For most Lycoming College students, the promise of summer break looked particularly sweet this year. After dealing with the unexpected challenges of finishing spring semester through virtual learning in the face of COVID-19, going home to enjoy time off from school would offer at least a semblance of normal life. Unfortunately, for the 28 international students stranded on Lycoming’s campus for the summer, normalcy still is a long way off; across the globe, to be exact. Affording enough food has been one of the most difficult challenges they’ve faced in this forced quarantine.
“When the cafeteria closed, that’s when it hit me,” said Vishesh Ram, a junior chemistry major from Mauritius, a small island nation in the Indian Ocean. “I was like, ‘Do I have enough savings to buy groceries the whole summer if need be?’ (Mauritius) was on lockdown, so my parents didn’t have access to the bank to transfer money. . . I was kind of on my own. And that’s when I was very worried.”
The college allowed the students to reside in single rooms at Wesley Hall free of charge, but cafeteria service closed on June 1. Most campus jobs had not reopened at that point, so money for many students was tight. A food pantry was reactivated in the Academic Center’s Student Hub but could not fully cover the students’ dietary needs.
‘Away from home’
When Father Bill Corcoran, chaplain of St. Boniface Catholic Church and a former priest in the Middle East, learned of the situation from a college faculty member and parishioner, he immediately wanted to help.
“When I had worked in the Middle East, I was always very conscious of living in a country where it’s not your first language (being spoken),” Corcoran said. “I’ve been in a place where you don’t have family and experienced the loneliness that can happen when you’re (living) away from home.”
After speaking with Dean of Students Dan Miller, Corcoran arranged for the church to give each of the 28 students a $100 gift card for Wegmans. He chose gift cards not only so the students would be able to pick their own groceries but also to give a gift that felt warmer than cash.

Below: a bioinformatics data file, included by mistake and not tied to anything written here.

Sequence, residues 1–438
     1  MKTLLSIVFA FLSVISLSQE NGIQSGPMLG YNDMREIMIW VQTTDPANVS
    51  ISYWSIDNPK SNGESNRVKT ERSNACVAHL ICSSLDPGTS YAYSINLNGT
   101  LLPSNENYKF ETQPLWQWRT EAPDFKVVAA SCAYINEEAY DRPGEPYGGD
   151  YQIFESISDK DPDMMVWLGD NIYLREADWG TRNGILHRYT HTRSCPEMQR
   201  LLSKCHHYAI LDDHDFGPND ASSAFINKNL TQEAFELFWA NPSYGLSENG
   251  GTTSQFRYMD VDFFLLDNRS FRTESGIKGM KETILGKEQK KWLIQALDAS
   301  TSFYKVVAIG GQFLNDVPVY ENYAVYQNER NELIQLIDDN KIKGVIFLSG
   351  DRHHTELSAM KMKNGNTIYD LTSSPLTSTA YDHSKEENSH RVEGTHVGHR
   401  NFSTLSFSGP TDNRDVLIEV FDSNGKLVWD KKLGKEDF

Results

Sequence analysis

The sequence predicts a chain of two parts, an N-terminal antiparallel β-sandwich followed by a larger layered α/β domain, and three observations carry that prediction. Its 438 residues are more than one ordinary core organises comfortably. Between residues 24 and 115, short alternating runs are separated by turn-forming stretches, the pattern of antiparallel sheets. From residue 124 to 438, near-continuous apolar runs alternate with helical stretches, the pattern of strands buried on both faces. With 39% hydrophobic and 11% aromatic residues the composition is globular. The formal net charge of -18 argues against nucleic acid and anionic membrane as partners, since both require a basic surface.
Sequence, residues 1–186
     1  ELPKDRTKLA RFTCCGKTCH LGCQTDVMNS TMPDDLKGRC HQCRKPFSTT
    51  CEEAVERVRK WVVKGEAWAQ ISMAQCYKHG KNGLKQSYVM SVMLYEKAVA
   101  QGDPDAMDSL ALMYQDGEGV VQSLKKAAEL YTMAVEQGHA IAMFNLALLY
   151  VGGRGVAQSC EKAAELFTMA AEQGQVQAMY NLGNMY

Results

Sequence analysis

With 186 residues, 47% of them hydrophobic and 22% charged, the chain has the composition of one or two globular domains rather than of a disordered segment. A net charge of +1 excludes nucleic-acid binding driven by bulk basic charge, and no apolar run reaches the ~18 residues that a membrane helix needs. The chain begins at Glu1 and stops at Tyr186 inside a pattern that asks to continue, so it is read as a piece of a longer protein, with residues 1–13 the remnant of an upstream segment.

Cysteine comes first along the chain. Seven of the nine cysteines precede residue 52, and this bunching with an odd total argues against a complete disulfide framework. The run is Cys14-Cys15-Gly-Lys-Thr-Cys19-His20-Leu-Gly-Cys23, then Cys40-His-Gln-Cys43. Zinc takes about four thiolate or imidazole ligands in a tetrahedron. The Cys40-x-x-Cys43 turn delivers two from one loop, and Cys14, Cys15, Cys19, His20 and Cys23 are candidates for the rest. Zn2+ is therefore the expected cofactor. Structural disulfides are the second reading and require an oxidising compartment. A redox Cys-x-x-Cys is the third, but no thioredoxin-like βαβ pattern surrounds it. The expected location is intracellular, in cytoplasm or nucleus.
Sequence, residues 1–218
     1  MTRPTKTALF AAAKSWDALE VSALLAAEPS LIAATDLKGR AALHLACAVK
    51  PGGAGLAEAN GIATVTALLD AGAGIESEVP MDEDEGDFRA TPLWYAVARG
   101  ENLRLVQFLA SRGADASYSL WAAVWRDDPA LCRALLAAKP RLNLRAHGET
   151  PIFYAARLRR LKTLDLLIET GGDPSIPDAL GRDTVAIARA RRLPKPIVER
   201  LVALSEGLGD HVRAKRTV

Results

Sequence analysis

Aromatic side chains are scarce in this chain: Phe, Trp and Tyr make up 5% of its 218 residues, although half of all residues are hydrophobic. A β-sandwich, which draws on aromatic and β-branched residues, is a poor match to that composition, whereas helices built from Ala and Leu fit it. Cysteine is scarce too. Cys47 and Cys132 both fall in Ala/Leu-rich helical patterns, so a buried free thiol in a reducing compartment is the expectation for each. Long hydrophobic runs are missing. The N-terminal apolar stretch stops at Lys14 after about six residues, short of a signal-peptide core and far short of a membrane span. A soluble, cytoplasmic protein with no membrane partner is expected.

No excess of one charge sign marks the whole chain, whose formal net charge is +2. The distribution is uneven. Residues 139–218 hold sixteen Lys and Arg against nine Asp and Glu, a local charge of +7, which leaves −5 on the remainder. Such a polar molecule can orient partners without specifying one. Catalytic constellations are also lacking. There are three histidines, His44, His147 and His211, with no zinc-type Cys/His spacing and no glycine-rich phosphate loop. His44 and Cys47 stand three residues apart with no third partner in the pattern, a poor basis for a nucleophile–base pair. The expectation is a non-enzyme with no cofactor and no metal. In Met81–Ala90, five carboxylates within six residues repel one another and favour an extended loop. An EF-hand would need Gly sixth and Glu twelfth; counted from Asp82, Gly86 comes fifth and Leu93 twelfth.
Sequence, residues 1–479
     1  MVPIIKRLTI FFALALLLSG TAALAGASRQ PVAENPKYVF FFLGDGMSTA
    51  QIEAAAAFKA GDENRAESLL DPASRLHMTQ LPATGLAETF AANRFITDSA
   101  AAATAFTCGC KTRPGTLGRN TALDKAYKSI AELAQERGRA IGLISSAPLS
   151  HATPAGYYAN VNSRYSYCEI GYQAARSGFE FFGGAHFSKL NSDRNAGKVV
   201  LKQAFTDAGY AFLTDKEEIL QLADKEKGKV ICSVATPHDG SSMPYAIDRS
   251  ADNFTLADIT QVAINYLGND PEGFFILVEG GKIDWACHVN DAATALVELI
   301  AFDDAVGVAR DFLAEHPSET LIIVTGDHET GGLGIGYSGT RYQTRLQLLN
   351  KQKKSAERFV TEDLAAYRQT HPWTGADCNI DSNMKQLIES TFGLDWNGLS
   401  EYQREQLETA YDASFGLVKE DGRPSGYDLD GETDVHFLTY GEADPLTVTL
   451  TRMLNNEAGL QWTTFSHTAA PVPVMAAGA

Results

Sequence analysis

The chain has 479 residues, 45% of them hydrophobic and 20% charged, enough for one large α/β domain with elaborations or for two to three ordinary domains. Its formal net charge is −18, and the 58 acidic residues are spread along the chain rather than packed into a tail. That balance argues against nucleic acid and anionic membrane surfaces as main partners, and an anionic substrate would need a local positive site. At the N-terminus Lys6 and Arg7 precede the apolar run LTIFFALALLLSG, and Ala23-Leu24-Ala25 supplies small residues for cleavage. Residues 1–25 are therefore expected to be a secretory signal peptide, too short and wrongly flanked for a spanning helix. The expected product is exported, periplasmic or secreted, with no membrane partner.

“Money’s cold; it’s rather impersonal,” he explained to the three students next to him. “So to give you that card was practical and yet you’d have the dignity of being able to choose what you want.”
Vy (Thu) Ha, a junior commercial design major from Vietnam, was particularly touched by the gesture. In a time plagued by fear and uncertainty, she is grateful to feel cared for by the Williamsport community. “I am just so happy because there are people outside (campus) who see us, who know our condition and are willing to help.”
Aseel Tork, a junior political science and economics major from Palestine, was quick to agree. “It’s not only us (you’re helping),” she said to Corcoran. “Our families feel better right now because they know we are in a safe place with safe people, people who are nice to us. So thank you so much.” .
Fellowship through food
In addition to the grocery help, Corcoran has arranged for St. Boniface to host an outdoor barbeque for the students at 1 p.m. on July 19. He is asking parishioners to work the event and to donate food and supplies. Because some of the students are Muslim, he has asked for all of the food to be Halal in accordance with their dietary code, which means no pork products. He is looking forward to the barbeque, not only because it will be fun for the students but also because it will serve as education for his parishioners.
“I don’t want them to just think that they can go and pray and think that’s enough. They have to do things,” he said. “Our people need to meet more students, especially more international students… So, it’s good education. It broadens the world of the people here.”
Back on campus
Meanwhile, Ram,Tork and Ha find comfort in spending their summer with the remaining members of Lycoming’s international student community. Ram and Torkare back to working campus jobs, while Ha is on the lookout for a new position. While they keep in close contact with their families through online video chatting, they also enjoy each other’s company. Doing their best to maintain proper social distance, they eat dinner together most nights. Recently, they started a weekly tradition of preparing a meal from one another’s home countries. This past Sunday, Ha cooked the group sweet chicken ginger from Vietnam — her mother’s recipe.
All three agree that the most important thing is to keep a positive and patient outlook.
“We’re all in the same boat right now,” Ram said. “We know how it is to be unable to work, but hopefully (the virus) gets done, gets cleared out, and everything’s OK before the next semester starts. So, just be patient.”
“Focus on the good things,” Tork added with a smile.